Management[edit]

Position Name
Chairman Scott Barlow
Director Michael Crismale
Director Jamie Samaha
Director Mark Arbib
Chief Executive Officer Tony Pignata
Chief Financial Officer Adam Santo
General Manager, Digital, Media and Communications David Warriner
General Manager, Commercial Nic Barbato
General Manager, Marketing and Community Rawya Jammal

Technical staff[edit]

Position Name
Head Coach Australia Graham Arnold
Assistant Coach Australia Rado Vidosic
Strength/Conditioning Coach Australia Andrew Clark
Goalkeeping Coach Australia Željko Kalac
Chief Medical Officer Dr. Ameer Ibrahim
Club Doctor Dr Ameer Ibrahim
Club Physio Stan Ivancic
Assistant/Masseur Joe Niutta
Youth Head Coach Australia Steve Corica
Youth Assistant Youth Coach Australia Miro Vlastelica
Youth Goalkeeping Coach Italy Davide Del Giovine
Youth Physiotherapist Abid Mujala
Youth Team Manager Michael Swibel

Head Coaches[edit]

Name Period Record Honours
Pld W D L %
Germany Pierre Littbarski Feb 2005 – June 2006 24 12 7 5 50% A-League Champions: 2005–06
OFC Champions League: 2005
England Terry Butcher July 2006 – February 2007 23 9 8 6 39%
Australia Branko Culina April 2007 – October 2007 9 2 3 4 22%
Australia John Kosmina October 2007 – March 2009 35 13 11 11 37%
Czech Republic Vítězslav Lavička February 2009 – May 2012 89 35 22 32 39% A-League Premiers: 2009–10
A-League Champions: 2009–10
England Ian Crook May 2012–11 November 2012 6 2 0 4 33%
Australia Steve Corica (caretaker) 12 November 2012 – 27 November 2012 2 0 0 2 0%
Australia Frank Farina 28 November 2012 – 23 April 2014 47 19 8 20 40%
Australia Graham Arnold 8 May 2014 – current 8 5 2 1 62%

Records[edit]

For more details on this topic, see List of Sydney FC records and statistics.

Terry McFlynn currently holds the team record for number of total games played with 179 matches. Clint Bolton has the second most appearances for the club with 109 matches. Steve Corica are Sebastian Ryall are the third most capped players with 107 matches.

Sydney FC's all-time highest goalscorer in all competitions is Alex Brosque with 30 goals. The player with the second most goals scored is Alessandro Del Piero with 24 goals. Steve Corica has scored the third most goals for the club with 23.

Sydney FC's highest home attendance at Sydney Football Stadium is 40,388 for a league Sydney Derby match on 26 October 2013. The highest home attendance at any stadium is 80,295 for a friendly match against LA Galaxy at Stadium Australia on 27 November 2007.

Honours[edit]

Domestic[edit]

Premiers (1): 2009–10
Runners-Up (1): 2005–06
  • A-League Finals Series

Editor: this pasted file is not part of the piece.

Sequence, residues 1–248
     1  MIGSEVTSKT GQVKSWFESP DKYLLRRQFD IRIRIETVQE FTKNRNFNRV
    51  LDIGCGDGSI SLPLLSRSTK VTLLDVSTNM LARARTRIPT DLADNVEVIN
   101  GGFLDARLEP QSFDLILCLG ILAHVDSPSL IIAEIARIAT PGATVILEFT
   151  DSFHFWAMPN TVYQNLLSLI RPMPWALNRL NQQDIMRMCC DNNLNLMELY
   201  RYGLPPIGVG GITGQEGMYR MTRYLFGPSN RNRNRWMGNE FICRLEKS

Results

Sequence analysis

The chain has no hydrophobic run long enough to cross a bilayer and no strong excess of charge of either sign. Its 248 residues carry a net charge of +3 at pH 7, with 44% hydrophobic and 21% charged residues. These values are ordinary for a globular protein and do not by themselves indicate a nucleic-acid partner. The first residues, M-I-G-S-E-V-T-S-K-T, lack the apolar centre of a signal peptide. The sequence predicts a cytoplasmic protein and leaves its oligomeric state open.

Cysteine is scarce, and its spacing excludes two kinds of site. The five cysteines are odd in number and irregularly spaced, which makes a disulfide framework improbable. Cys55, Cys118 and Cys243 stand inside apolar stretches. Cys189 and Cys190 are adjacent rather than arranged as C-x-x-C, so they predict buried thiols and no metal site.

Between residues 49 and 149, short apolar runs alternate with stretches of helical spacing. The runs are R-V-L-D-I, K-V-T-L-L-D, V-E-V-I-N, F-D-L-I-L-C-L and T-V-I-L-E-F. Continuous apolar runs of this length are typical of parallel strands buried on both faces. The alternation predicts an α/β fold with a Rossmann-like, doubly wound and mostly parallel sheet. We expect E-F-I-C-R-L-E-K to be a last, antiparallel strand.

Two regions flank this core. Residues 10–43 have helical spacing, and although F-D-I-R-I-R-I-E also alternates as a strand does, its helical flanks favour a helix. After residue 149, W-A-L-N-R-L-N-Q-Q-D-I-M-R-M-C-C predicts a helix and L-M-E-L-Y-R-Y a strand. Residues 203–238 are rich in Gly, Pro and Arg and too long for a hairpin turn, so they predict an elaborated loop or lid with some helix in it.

Champions (2): 2006, 2010

International[edit]

Champions (1): 2005
Group Stage (2): 2007, 2011
Fifth-place (1): 2005

See also[edit]

References[edit]

  1. ^ a b "About Us". Sydney FC. Retrieved 5 August 2014. 
  2. ^ a b "Sydney Football Club Pty Ltd ACN 110 877 668". Australian Securities and Investments Commission. Retrieved 5 August 2014. 
  3. ^ a b "A-League owners to be offered far longer licenses by Football Federation Australia". www.adelaidenow.com.au. 28 October 2013. Retrieved 2 April 2014. 
  4. ^ "Australian Stadiums: Aussie Stadium". Austadiums. Retrieved 22 December 2006. 
  5. ^ "Sydney FC emerging as new league's glamour club". The Sydney Morning Herald. 27 October 2004. Retrieved 22 December 2006. 
  6. ^ "Soccer NSW announces bid for new national league". Soccer NSW. 7 April 2004. Retrieved 23 December 2006. 
  7. ^ "Kewell major player behind Sydney team: report". The Sydney Morning Herald. 9 September 2004. Retrieved 23 December 2006. 
  8. ^ Smith, Peter (21 July 2004). "ASA delighted with number of bids for new league". Football Federation Australia. Retrieved 23 December 2006. 
  9. ^ "ASA picks Soccer NSW". The World Game. 10 September 2004. Retrieved 23 December 2006. 
  10. ^ Hall, Matthew (10 October 2004). "Harry now a Central figure". The Sun Herald. Retrieved 23 December 2006. 
  11. ^ "Birth of Sydney FC is a magical moment". Football Federation Australia. 1 November 2004. Retrieved 23 December 2006. 
  12. ^ "NSW 'cut ties' with new club over Lowy". The Sydney Morning Herald. 12 December 2004. Retrieved 1 January 2013. 
  13. ^ "Sydney FC squad list". Sydney FC. 23 February 2005. Retrieved 23 December 2006. 
  14. ^ "Sydney FC starts with emphatic 6–1 win over Manly". Sydney FC. 6 April 2005. Retrieved 23 December 2006. 
  15. ^ "Petrovski and Carney score twice in Sydney's 7–1 win". Sydney FC. 12 April 2005. Retrieved 23 December 2006. 
  16. ^ "Talay's lone goal gives Sydney 1–0 win in Dubai". Sydney FC. 20 April 2005. Retrieved 23 December 2006. 
  17. ^ "Zdrilic goal gives Sydney 1–0 win over Al Jazira". Sydney FC. 20 April 2005. Retrieved 23 December 2006. 
  18. ^ "Yorke completes trifecta for Sydney FC". The Sydney Morning Herald. 18 April 2005. Retrieved 23 December 2006. 
  19. ^ "Steve Corica wonder goal gives Sydney a 3–2 win". Sydney FC. 2 June 2005. Retrieved 23 December 2006. 
  20. ^ "Ward comes off bench to seal Perth win". Football Federation Australia. 14 August 2005. Retrieved 23 December 2006. 
  21. ^ "Littbarski quits, blasting club 'lies'". The Age (Melbourne). 4 May 2006. 
  22. ^ "FC Won't Appeal Salary Cap Sentence". ABC News. 4 January 2007. 
  23. ^ "Del Piero agrees to finalise Sydney FC contract". Football Federation Australia. Retrieved 31 August 2012. 
  24. ^ "Del Piero to sign with Sydney FC". The Sydney Morning Herald. Retrieved 31 August 2012. 
  25. ^ "Ciao 4m Del Piero signs for two years". The Sydney Morning Herald. Retrieved 6 September 2012. 
  26. ^ http://www.fourfourtwo.com/au/news/brosque-skipper-sydney
  27. ^ "Sydney FC and UNICEF do the rights things to improve child rights throughout Asia.". UNICEF. 20 February 2012. Retrieved 24 February 2012. 
  28. ^ "Sydney FC And Children’s Medical Research Institute (CMRI) Form Community Partnership". CMRI. Retrieved 24 February 2012. 
  29. ^ SCG Trust (9 July 2007). "Sydney Football Stadium returns as Aussie deal expires". League Unlimited. Retrieved 28 November 2007. 
  30. ^ Huxley, John (2 March 2006). "They're not just dribblers – these Coves are committed". The Sydney Morning Herald. Retrieved 5 August 2014. 
  31. ^ "Barnesy and The Cove record Sydney FC club song". Sydney FC. 7 July 2006. 
  32. ^ "Sydney Seal Shanghai Link-Up". FourFourTwo Australia. 5 January 2009. Retrieved 11 November 2011. 
  33. ^ "Sydney inaugurate academy". The World Game. Archived from the original on 24 December 2009. Retrieved 5 August 2014. 

External links[edit]

Preceded by
None
A-League Champions
2005–06 (First title)
Succeeded by
Melbourne Victory
Preceded by
Melbourne Victory
A-League Premiers
2009–10 (First title)
Succeeded by
Brisbane Roar
Preceded by
Melbourne Victory
A-League Champions
2009–10 (Second title)
Succeeded by
Brisbane Roar